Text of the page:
Ismael Rafols, University of Sussex
Tommaso Ciarli, University of Sussex
Patrick van Zwanenberg, University of Sussex
Andy Stirling, University of Sussex
Recent years have seen much critical debate over the simplistic use of scientometric tools for formal or informal appraisal of science and technology (S&T) organisations (e.g. in university rankings) or individuals (e.g. the h-index) (Roessner, 2000; Van Raan, 2004; Weingart, 2005). As a reaction to these critiques, efforts have been made to improve the robustness of measurements by broadening the range of inputs considered in scientometric evaluations. Examples include the inclusion of books and national or regional journals (Martin et al. 2010), or more recently ‘altmetrics’ (i.e. metrics based on alternative data sources, see Priem et al., 2010). In doing so, the S&T indicator and policy communities have reverted to an early conventional wisdom that scientometrics should rely on multiple sources of data that may provide ‘converging partial indicators’ (Martin and Irvine, 1983).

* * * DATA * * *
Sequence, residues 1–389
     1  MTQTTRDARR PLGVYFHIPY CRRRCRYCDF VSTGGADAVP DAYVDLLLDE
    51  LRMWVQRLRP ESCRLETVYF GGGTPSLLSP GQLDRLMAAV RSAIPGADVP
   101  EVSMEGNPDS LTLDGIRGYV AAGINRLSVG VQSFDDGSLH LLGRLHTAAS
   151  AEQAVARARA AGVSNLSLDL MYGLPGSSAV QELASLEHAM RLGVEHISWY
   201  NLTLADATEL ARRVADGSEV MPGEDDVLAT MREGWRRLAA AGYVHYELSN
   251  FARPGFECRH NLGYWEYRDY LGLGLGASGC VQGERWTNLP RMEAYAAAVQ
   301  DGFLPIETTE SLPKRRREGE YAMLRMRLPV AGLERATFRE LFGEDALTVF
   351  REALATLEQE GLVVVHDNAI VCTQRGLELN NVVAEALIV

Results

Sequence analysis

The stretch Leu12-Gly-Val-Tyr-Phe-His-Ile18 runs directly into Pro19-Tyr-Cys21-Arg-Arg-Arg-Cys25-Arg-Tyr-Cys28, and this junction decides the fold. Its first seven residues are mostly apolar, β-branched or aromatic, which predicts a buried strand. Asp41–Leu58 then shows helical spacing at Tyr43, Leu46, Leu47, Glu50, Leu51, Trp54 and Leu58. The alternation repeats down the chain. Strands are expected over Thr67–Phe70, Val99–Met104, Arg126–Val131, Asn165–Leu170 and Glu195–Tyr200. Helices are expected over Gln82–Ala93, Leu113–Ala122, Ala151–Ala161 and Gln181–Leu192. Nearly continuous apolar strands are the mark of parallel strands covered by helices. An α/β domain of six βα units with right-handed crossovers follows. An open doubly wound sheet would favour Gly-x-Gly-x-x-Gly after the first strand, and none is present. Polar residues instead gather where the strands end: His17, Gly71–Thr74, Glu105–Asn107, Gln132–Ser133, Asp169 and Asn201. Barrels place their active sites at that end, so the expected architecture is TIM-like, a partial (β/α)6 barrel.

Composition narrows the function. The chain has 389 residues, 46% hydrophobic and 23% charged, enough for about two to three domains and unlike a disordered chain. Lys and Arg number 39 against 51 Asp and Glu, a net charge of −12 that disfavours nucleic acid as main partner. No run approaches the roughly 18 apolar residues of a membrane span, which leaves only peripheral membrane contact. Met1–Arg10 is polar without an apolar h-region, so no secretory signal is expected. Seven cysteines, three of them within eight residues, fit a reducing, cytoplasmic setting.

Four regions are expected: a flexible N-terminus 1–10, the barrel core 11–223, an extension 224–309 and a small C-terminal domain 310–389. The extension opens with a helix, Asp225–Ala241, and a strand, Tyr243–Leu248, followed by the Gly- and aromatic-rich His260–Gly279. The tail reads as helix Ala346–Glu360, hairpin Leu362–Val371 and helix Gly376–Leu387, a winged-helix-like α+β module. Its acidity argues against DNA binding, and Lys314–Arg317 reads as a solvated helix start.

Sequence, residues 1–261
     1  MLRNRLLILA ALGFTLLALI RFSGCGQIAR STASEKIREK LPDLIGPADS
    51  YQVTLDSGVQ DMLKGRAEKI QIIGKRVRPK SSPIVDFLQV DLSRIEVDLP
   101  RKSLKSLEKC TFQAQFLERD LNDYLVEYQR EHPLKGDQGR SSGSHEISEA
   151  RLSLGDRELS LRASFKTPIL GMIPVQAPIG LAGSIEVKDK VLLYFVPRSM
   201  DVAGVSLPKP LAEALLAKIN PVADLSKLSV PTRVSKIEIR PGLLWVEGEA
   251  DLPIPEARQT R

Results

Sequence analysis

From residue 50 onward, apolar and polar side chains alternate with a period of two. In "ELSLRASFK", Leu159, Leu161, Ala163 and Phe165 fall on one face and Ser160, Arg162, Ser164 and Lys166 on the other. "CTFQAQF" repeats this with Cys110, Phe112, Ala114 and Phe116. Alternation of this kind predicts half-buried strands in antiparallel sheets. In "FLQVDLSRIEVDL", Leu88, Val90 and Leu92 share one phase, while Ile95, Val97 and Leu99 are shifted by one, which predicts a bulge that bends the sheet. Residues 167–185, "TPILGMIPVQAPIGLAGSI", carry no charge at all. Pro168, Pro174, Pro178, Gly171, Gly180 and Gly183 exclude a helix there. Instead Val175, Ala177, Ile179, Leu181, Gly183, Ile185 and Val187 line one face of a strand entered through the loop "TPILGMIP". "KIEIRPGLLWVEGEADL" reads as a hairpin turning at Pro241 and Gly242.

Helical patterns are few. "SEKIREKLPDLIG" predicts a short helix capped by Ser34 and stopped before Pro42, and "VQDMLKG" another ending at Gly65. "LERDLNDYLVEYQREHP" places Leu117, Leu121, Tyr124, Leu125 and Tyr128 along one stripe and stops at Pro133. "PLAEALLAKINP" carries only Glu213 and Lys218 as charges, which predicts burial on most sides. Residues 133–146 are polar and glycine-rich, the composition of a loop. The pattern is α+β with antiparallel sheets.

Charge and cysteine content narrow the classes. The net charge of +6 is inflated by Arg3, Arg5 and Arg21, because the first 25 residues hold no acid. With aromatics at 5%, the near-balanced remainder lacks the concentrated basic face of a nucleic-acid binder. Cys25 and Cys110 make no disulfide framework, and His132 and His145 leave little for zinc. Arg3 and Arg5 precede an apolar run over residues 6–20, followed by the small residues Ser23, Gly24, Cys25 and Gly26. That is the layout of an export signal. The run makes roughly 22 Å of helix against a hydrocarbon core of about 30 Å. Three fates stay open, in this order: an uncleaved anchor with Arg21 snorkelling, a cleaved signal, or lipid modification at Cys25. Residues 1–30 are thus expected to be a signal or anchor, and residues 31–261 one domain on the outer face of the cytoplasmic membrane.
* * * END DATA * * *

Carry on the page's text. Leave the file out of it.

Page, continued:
While this ‘broadening out’ of the range of data used as ‘inputs’ in scientometric appraisal is, in our view, commendable (Stirling, 2003), we propose in this paper that a second dimension also needs to be considered. This relates to the extent to which the ‘outputs’ of appraisal ‘open up’ contrasting conceptualisations of the phenomena under scrutiny and consequently allow for more considered and rigorous attention to alternative policy options, both by decision makers and within wider policy debate (Stirling, 2005; Stirling et al., 2007, pp. 54-58; Leach et al., 2010 pp. 102-107). We use a recent comparative study on the performance and interdisciplinarity of six organisational units (Rafols et al, 2011) to illustrate the difference between increasing the range of inputs (‘broadening out’) and enhancing the diversity of outputs to policy decision making (‘opening out’). In this way, policy appraisal can inform decision making in a more rigorous ‘plural and conditional’ fashion – acknowledging the way in which divergent normative assumptions and metrics can yield contrasting understandings of both the phenomena under scrutiny, and of appropriate policy responses (Stirling, 2008).